Sleep Posture Basics For Better Spine Health

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Much of what we do in our sleep affects our daily lives. If you roll around in your sleep, you may be tired and fatigued the next day. The same goes if you sleep in a strange position. Not only will sleeping in a strange position make you feel exhausted the next day – it will also weaken your spine and the surrounding muscles. The effects of having a poor sleeping position can be negatively impactful in many different ways. This is exactly why you want to improve your sleeping posture – for the sake of spine health and your overall health. Here are some sleep posture basics for better spine health.

Sleep Posture Basics For Better Spine Health

  1. Sleeping on your back could increase discomfort. One of the worst positions to sleep in is on your back. Back sleepers have an increased incidence of lower back pain and disordered breathing. This is usually because your bed can’t meet the contours of the natural curvature of your spine, so all of your weight is pressed down on your back.
  2. The fetal position is the most comfortable and supportive position. Based on fossil records of early humans, one of the most natural and reoccurring sleep positions is the fetal position. You don’t need to curl up in a ball, but sleeping on your side will usually take the pressure off your back and allow for better comfort and support. If sleeping on your side is uncomfortable, you may want to use a pillow to give yourself even more comfort and support.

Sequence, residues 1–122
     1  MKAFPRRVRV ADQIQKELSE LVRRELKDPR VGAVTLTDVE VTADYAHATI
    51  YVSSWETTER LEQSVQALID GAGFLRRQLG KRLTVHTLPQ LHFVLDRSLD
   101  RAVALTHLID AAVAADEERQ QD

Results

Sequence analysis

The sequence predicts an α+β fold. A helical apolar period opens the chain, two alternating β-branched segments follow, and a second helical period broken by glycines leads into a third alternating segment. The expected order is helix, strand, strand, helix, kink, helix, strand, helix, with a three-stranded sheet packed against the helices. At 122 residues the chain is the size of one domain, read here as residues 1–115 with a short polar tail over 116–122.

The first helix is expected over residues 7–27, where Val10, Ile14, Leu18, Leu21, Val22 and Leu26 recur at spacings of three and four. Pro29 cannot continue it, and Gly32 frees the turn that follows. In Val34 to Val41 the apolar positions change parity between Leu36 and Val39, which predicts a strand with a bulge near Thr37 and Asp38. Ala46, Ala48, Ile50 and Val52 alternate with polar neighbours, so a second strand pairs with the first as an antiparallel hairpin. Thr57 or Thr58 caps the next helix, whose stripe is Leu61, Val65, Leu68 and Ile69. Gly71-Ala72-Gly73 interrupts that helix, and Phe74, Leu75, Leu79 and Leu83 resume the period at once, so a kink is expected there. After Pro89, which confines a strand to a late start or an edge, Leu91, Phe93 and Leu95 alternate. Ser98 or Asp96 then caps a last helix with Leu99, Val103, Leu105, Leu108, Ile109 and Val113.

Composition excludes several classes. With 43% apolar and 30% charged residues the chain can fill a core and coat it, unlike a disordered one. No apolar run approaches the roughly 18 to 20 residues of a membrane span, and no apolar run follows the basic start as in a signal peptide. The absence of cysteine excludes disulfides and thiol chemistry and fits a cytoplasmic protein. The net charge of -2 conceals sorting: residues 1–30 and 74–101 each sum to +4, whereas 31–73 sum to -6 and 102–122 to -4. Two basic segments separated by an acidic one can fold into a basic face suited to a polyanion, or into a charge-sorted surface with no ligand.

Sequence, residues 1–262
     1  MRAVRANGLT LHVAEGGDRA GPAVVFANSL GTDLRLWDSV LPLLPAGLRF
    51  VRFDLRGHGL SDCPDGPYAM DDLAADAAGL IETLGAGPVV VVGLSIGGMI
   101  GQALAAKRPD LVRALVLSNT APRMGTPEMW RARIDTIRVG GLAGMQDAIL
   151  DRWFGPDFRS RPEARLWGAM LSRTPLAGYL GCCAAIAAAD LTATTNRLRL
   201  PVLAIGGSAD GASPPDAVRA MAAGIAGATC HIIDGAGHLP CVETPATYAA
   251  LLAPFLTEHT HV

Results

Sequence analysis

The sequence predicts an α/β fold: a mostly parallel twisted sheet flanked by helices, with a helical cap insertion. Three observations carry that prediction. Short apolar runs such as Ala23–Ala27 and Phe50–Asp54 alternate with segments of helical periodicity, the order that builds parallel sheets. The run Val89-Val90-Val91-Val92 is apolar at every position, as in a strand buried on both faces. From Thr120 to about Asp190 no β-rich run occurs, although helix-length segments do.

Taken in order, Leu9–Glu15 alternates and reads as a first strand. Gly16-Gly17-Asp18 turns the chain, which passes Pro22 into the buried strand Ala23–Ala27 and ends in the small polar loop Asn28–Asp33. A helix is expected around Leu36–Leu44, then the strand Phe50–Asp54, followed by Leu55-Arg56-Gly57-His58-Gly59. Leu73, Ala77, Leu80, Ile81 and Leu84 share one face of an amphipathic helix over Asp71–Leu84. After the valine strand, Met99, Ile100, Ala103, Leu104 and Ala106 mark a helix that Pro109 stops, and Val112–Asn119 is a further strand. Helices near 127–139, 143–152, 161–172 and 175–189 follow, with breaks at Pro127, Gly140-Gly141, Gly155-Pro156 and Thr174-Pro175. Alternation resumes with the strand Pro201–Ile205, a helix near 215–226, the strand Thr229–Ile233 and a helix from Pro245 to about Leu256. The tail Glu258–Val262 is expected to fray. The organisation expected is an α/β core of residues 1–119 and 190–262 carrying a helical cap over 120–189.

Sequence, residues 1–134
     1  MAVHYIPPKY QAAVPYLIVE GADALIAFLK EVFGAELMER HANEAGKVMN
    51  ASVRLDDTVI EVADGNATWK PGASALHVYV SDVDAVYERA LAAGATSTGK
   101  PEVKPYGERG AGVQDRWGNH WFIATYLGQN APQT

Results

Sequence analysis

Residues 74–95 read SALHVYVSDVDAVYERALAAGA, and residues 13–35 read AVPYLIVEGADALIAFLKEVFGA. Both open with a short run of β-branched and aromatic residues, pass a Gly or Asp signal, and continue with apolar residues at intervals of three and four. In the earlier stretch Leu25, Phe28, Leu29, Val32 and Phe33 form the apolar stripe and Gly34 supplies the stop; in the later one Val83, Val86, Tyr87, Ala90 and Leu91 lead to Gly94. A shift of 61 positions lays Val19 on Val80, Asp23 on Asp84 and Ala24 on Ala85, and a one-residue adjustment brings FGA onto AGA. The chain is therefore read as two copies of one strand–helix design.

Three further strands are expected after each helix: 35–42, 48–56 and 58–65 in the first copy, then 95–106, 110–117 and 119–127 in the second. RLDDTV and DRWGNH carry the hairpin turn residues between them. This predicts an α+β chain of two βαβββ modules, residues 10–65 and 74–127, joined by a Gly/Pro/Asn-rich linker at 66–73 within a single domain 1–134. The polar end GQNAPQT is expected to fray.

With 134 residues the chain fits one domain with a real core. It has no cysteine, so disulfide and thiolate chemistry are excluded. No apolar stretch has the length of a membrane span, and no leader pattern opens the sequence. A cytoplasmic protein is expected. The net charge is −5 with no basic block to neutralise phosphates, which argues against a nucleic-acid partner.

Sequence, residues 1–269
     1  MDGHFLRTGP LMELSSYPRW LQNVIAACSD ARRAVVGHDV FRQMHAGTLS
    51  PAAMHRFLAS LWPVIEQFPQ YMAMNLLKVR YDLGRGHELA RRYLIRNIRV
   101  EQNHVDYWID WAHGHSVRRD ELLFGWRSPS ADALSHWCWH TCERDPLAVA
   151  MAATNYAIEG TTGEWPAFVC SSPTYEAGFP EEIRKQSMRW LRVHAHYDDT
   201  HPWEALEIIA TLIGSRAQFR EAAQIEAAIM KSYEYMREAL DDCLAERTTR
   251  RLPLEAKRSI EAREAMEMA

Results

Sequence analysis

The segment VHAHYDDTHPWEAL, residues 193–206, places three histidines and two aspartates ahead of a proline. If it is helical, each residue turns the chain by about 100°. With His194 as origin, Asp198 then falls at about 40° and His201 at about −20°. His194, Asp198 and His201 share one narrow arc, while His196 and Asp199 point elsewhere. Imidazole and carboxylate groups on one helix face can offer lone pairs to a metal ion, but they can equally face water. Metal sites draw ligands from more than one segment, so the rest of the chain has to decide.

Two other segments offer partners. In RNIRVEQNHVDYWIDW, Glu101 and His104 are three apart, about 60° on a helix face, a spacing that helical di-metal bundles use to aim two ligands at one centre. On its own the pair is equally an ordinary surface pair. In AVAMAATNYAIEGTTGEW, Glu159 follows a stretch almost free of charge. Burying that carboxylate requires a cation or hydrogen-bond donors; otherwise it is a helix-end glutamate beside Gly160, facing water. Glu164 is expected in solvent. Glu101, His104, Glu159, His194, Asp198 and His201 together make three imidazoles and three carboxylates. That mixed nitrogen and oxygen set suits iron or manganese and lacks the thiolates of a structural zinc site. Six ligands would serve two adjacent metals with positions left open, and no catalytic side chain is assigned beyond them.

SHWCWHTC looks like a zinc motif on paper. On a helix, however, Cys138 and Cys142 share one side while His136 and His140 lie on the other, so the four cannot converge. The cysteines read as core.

3. Practice various stretching exercises before you go to sleep. If you toss around in your sleep, you may want to do some stretching exercises right before you go to bed. Stretching will allow your back to prepare itself for all the positions that you will put your spine in throughout the night. When it comes down to it, stretching will also help you relax and fall asleep easier. The truth is that falling into a deeper sleep state is imperative for your spinal health. If you are having trouble stretching, you may want to visit Select Spine & Sports Medicine to have your back looked at and readjusted by a spinal health professional.
  4. Train yourself to sleep in a different position. If you are a back or stomach sleeper, it may be time to train yourself to sleep on your side or in a more supportive position. If you are experiencing spinal pain and other back problems, it is especially important to train yourself to sleep in a new position. It will be difficult to stay sleeping in a new position, but if you make an effort night after night, it will soon become easier and easier.
  5. Get a mattress topper. If you do sleep on a particularly firm mattress, it may be difficult to sleep on your side – the bed won’t match up with the natural curvature of your body. This is why you may want to purchase a mattress topper. It will allow you the opportunity to improve your sleeping posture and your spine will feel stronger and healthier the next day.